'America's March to Yorktown' (AMtY)
Visit Alexandria and Mount Vernon, Virginia,
23-24 September 2006

The AMtY marchers in front of Virginia Historic Road Marker for the French camp in Alexandria, VA, in 1781 and 1782. They make camp, on the night of 23 September 2006, in the back yard of the near-by historic Lee-Fendall House.


Marchers seen above, walking down Washington Street in Old Town Alexandria, Virginia , early afternoon of 23 September 2006, are part of an initiative described at their own website: ‘America's March to Yorktown (AMtY) -- 2006'.


Marchers in front of Christ's Church, Old Town, Alexandria, Virginia.


Late lunch at Gadsby's Tavern, Alexandria, VA.


Paying respects at the grave and Memorial to the Unknown Soldier of the American Revolution in the churchyard of The Old Presbyterian Meeting House, Alexandria, Virginia.


Morning of 24 September, marchers reach historic Mount Vernon, Virginia.
Technically, neither the allied wagon train nor the French cavalry visited Mount Vernon in September 1781. The significant historic, Yorktown Campaign event at Mount Vernon was the visit of the commanding allied generals, Washington and Rochambeau, on 10 and 11 September 1781. There was no 225th anniversary commemoration of that event.


Marchers at the Historic Road Marker describing Washington and Rochambeau's 1781 visit to Mount Vernon.


Marchers by the Washington-Rochambeau Route to Victory Display, which describes and marks the beginning of the route the allied commanders traveled together from Mount Vernon to Yorktown.


Marchers continue their trek south along the Mount Vernon Estate red brick wall. They continued west on Mt. Vernon memorial Pkwy to US Route 1, then head south to historic Pohick Church, where they turn east to the Junction of Old Colchester and Furnace roads. The historic French Army camp was in that vicinity, near the Occoquan River. The AMtY will camp a short distance away, at Pohick Bay Regional Park for the night of 24 September. See: AMtY Visit Colchester.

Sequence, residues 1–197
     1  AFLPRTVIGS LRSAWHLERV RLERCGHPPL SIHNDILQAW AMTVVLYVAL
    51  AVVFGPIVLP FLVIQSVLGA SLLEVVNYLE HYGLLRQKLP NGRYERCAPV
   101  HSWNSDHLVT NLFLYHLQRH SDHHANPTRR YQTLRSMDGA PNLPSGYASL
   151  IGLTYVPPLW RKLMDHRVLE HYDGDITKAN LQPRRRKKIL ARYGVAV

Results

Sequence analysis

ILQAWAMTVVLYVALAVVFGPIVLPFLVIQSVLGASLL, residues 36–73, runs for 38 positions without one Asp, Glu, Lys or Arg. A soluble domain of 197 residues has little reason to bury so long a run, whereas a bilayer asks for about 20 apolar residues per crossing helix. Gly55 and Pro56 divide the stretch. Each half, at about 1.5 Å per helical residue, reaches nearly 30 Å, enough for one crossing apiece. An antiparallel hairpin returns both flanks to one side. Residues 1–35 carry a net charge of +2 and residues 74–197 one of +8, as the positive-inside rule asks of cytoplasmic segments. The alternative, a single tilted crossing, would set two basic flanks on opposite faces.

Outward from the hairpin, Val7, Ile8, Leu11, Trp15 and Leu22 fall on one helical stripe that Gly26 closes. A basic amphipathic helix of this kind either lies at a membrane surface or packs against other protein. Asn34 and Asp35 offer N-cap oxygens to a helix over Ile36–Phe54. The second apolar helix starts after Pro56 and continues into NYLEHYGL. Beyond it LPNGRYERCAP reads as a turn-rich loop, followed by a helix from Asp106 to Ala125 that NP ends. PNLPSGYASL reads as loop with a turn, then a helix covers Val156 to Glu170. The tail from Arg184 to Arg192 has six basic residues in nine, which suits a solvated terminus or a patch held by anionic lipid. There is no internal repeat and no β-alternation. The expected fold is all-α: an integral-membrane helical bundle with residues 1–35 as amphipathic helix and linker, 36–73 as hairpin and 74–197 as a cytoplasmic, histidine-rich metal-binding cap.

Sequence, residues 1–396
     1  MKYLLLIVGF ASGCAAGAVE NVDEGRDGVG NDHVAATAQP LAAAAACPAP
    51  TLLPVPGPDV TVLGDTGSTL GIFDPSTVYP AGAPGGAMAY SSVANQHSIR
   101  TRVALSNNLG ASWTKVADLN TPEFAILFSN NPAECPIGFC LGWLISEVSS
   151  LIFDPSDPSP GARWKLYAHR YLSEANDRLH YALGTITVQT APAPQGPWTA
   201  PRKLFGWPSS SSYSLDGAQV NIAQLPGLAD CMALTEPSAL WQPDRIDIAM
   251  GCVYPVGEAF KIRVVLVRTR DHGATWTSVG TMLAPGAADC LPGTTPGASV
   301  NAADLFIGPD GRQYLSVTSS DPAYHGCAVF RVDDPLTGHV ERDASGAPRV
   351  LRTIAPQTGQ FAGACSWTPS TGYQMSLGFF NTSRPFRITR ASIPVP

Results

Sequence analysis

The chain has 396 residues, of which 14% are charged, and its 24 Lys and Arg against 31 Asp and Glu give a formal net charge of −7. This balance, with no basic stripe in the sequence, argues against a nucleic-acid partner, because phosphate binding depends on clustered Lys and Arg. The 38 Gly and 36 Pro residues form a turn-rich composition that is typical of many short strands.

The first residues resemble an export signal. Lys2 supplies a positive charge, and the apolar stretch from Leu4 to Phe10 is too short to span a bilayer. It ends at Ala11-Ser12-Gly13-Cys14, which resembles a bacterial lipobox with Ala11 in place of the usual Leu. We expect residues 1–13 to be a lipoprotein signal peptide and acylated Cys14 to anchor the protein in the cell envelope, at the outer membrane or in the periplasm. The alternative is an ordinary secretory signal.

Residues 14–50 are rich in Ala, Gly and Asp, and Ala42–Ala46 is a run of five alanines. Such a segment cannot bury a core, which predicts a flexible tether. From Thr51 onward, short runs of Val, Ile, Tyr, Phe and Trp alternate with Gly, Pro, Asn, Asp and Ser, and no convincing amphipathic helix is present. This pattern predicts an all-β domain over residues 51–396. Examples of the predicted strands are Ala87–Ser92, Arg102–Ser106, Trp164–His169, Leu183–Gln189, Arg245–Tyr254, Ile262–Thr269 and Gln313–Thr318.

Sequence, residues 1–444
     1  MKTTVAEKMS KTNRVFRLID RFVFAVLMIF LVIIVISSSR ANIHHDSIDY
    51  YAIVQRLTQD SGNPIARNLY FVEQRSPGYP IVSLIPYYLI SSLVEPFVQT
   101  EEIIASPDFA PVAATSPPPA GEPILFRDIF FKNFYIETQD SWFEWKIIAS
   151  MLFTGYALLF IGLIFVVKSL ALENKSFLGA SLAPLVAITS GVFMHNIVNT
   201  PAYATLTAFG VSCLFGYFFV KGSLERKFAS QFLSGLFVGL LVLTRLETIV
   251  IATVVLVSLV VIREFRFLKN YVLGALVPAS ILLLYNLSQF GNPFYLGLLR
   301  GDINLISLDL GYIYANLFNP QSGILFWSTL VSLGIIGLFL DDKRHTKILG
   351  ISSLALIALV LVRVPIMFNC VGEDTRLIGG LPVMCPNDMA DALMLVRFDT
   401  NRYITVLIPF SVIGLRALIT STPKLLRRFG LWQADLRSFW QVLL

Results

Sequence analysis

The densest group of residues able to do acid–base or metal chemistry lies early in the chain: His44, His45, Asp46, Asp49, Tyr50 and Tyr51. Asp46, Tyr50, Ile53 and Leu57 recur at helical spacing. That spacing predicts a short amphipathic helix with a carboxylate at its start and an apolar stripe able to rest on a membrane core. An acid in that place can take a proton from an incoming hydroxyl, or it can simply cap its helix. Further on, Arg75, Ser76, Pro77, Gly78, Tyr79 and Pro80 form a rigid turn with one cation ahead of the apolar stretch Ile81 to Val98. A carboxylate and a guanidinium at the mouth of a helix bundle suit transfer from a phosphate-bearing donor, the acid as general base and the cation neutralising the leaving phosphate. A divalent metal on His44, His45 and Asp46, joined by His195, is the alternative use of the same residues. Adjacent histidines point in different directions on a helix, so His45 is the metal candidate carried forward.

However, the day is not over!
See AMtY March Vist with Mount Vernon Neighborhood Friends,
evening of 24 September 2006.


The AMtY marchers consist of a small group that is retracing on foot, as much as possible, the historic movement of the French Army under comte de Rochambeau from Newport (RI) to join George Washington's American Army north of New York City. From there, the re enactment march retraces the overland portion of both the American and French armies in 1781 from positions near New York City to Yorktown, Virginia, as one of the essential parts of the 1781 Yorktown Campaign. Actually, after Anapolis, MD, the allied march overland comprised a wagon train and the French cavalry. The allied infantry regiments and artillery components were conveyed from Anapolis to the Yorktown area by boats. However, the entire French force did march back north in early 1782, using essentially the same campsites.
This ‘commemorative march' marks the 225th Anniversary of the historic one. It is part of a broader effort to support the establishment of a 600-mile ‘Washington - Rochambeau Revolutionary Route' [often abbreviated as ‘W3R'] as an US ‘Historic Trail – an initiative inaugurated on Dec. 16th, 2000 at Washington's Headquarters in Newburgh, NY. "This effort includes coordinating with Francophone commissions that unite French cultural groups with American veteran's organizations, historical groups, and other volunteers to provide a Nationally recognized Historical Trail that would outline a self-guided auto route, hiking trails, visitors centers, appropriate signage, and associated literature. The literature and signage will include original campsites, historical sites and other local points of interest along the route."

Further information on the commemoration of the 225th Anniversary of the Washington-Rochambeau Revolutionary Route is at

Further historical background on this event can be viewed at the following webpages:

Return to webpage on ANNOUNCEMENTS of COMMEMORATIVE EVENTS.

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Page posted 24 September 2006, revised 29 September 2006.